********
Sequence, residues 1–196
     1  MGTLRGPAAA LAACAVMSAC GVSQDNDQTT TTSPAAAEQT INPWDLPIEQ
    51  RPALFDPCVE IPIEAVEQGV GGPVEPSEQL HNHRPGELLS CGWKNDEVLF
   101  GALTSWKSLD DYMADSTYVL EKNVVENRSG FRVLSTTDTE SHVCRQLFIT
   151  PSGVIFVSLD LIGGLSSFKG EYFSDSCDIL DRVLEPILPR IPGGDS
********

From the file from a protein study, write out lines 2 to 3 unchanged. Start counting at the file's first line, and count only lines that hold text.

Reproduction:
     1  MGTLRGPAAA LAACAVMSAC GVSQDNDQTT TTSPAAAEQT INPWDLPIEQ
    51  RPALFDPCVE IPIEAVEQGV GGPVEPSEQL HNHRPGELLS CGWKNDEVLF